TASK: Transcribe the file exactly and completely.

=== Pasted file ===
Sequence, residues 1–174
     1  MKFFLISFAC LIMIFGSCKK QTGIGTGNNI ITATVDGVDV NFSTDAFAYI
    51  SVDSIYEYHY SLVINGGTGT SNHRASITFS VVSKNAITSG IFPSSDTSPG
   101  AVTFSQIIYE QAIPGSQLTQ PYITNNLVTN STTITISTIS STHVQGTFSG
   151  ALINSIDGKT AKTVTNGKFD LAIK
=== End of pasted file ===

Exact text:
Sequence, residues 1–174
     1  MKFFLISFAC LIMIFGSCKK QTGIGTGNNI ITATVDGVDV NFSTDAFAYI
    51  SVDSIYEYHY SLVINGGTGT SNHRASITFS VVSKNAITSG IFPSSDTSPG
   101  AVTFSQIIYE QAIPGSQLTQ PYITNNLVTN STTITISTIS STHVQGTFSG
   151  ALINSIDGKT AKTVTNGKFD LAIK